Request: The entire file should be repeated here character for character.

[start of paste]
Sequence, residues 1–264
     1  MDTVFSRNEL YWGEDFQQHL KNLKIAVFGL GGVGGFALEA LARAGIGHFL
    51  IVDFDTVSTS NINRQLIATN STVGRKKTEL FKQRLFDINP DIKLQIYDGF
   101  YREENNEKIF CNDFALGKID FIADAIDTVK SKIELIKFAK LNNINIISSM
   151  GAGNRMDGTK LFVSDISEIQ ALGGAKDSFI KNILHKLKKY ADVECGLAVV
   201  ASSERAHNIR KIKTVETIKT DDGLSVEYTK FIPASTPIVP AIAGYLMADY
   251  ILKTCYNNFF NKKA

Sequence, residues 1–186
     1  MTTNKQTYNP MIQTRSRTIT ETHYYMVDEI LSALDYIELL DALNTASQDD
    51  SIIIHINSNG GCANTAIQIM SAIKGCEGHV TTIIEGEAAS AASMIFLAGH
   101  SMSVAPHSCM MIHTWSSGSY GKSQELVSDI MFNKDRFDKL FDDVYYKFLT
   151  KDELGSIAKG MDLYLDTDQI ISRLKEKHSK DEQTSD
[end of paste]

Sequence, residues 1–264
     1  MDTVFSRNEL YWGEDFQQHL KNLKIAVFGL GGVGGFALEA LARAGIGHFL
    51  IVDFDTVSTS NINRQLIATN STVGRKKTEL FKQRLFDINP DIKLQIYDGF
   101  YREENNEKIF CNDFALGKID FIADAIDTVK SKIELIKFAK LNNINIISSM
   151  GAGNRMDGTK LFVSDISEIQ ALGGAKDSFI KNILHKLKKY ADVECGLAVV
   201  ASSERAHNIR KIKTVETIKT DDGLSVEYTK FIPASTPIVP AIAGYLMADY
   251  ILKTCYNNFF NKKA

Sequence, residues 1–186
     1  MTTNKQTYNP MIQTRSRTIT ETHYYMVDEI LSALDYIELL DALNTASQDD
    51  SIIIHINSNG GCANTAIQIM SAIKGCEGHV TTIIEGEAAS AASMIFLAGH
   101  SMSVAPHSCM MIHTWSSGSY GKSQELVSDI MFNKDRFDKL FDDVYYKFLT
   151  KDELGSIAKG MDLYLDTDQI ISRLKEKHSK DEQTSD